I start this podcast with some observations about the big Republican win in the U.S. midterm elections. For an Obamapologist like me it is a sad day, marking the end of the Obama agenda. It is not necessarily the end of the Obama era, however. By soundly winning the Senate and bestriding Congress the Republicans have stopped Obama cold, so the question now becomes…will they offer an agenda of their own? If they do I’ll bet they find that Obama still has the bipartisan spirit that launched him into the Presidency in 2008. It’ll be in both their interests to accomplish something, because over the long haul in politics something will always beat nothing. But obstruction can be a good short-term strategy, and has been for the Republicans so far. Stay tuned…

The liberal’s map of the US.


In my main story I address the mother of all first world problems: global capitalism, by responding to a piece written by Joe Corbett entitled Jeff Salzman, Ken Wilber and the Missing Link between Integral Theory and Practice, in which he offers a critique of a conversation I had with Ken Wilber and posted a few weeks ago: The World According to Wilber.

Corbett’s essay reveals a fruitful friction often found among integralists. First let me address his opening theoretical argument that when justice is not included on par with the primary human values of goodness, truth and beauty it is a “glaring omission of the L-R [lower right] quadrant”, and therefore the conversation Ken and I had is “entirely devoid of any structural analysis or acknowledgement of social institutions and the prevailing forms of justice within society.”

This is nonsense of course; suffice it to say that Ken WIlber, author of AQAL Theory, didn’t just – ooops! – forget about the exterior collective dimension of reality. Indeed Ken and I both talk about the structures of society all the time, including in our conversation. I wouldn’t know how to discuss current events without doing so.

Part of the confusion may come from a misreading of AQAL Theory where Ken relates the four quadrants that make up a human being to the three native perspectives a human being can take: first person (I and me), second person (you and we) and third person (it and they).

So how do four quadrants flow into three perspectives? Ken situates both the upper right-hand quadrant (U-R) and lower right-hand quadrant (L-R) in the third person world of “its”. Quadrantly speaking, the individual human body (in the UR) and the power/economic systems of societies (in the LR) are respectively the individual and collective exterior dimensions of reality, and can be seen and measured by the senses. Thus third person.

Ken goes on to associate the first, second and third person perspectives with what he calls the “big three” philosophical values of goodness, truth and beauty. First person is the domain of beauty (which is deeply subjective), second person is the domain of goodness (how we treat each other) and third person is the domain of truth (what is objectively verifiable).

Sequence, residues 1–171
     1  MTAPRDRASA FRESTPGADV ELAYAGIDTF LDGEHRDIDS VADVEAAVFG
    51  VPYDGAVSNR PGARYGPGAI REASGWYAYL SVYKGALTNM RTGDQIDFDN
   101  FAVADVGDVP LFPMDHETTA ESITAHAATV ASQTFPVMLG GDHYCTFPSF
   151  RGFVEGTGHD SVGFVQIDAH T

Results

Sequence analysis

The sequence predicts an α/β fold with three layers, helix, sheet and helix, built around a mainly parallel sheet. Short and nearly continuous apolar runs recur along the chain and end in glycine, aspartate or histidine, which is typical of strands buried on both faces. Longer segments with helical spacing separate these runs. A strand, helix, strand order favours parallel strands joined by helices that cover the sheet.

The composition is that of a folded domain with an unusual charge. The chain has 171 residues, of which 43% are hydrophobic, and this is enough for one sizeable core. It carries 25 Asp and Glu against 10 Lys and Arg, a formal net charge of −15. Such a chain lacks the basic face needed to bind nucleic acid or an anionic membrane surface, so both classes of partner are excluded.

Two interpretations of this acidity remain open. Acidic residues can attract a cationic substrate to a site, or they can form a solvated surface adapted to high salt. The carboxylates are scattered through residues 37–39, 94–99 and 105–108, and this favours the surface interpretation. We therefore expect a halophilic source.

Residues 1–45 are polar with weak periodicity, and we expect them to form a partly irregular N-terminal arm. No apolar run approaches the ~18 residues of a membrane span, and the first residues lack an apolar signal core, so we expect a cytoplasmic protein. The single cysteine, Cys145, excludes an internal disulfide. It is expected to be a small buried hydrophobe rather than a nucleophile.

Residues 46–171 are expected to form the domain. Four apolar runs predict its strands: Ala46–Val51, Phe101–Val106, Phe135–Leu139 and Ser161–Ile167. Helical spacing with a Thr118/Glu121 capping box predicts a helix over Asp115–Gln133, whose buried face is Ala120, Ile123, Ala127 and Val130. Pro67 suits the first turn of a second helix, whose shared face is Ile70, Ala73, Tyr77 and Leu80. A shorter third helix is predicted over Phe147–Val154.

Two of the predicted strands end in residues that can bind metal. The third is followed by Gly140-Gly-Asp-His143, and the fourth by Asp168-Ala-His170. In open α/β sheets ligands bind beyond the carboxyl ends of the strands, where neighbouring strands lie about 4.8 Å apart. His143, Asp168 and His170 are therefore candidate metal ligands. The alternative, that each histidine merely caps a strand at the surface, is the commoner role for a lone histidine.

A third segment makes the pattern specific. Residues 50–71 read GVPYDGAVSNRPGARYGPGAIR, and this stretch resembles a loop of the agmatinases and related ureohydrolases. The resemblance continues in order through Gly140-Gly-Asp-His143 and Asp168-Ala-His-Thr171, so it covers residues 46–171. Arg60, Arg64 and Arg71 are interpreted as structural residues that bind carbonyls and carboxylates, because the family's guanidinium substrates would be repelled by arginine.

The philosophical relationship between the fundamental values of goodness, truth, beauty and those of justice is a discussion that’s been ongoing at least since Plato. If you’re interested in this sort of thing, check out Steve McIntosh’s terrific thesis on the subject, The Natural Theology of Beauty, Truth and Goodness.


What Corbett is really saying in his critique is that Ken and I didn’t talk about the L-R quadrant in a way he agrees with, so let’s move on to Corbett’s argument that Ken and I give short shrift to the value of justice. Here are a few paragraphs that sum up his thesis:

“In their talk, Wilber and Salzman speak as if the development and expression of consciousness takes place in a vacuum, without social and historical context and free of the distorting influences of power and money. No consideration is given in their analysis to how institutional structures of power and money (media, schools, religion, the corporate-military-police-state) systematically prevent and retard human development.

“Wilber fails to mention that corporations are basically private tyrannies, and in western capitalism they constitute the vast majority of the economy. These private tyrannies also have overwhelming influence in the political process, thus making capitalist societies essentially corporate democracies, or ‘totalitarian societies with privatized characteristics’.

“Cunning and force is the secret behind the “diffusion” of [modern] values, not demographics. As Karl Polanyi shows in “The Great Transformation”, modern orange values and discipline did not spontaneously diffuse but were coerced upon a resistant population of citizens, workers, and consumers who were ultimately bought and sold the paradigm of modern capitalism and representative democracy to replace their community-based systems of equity and reciprocity.”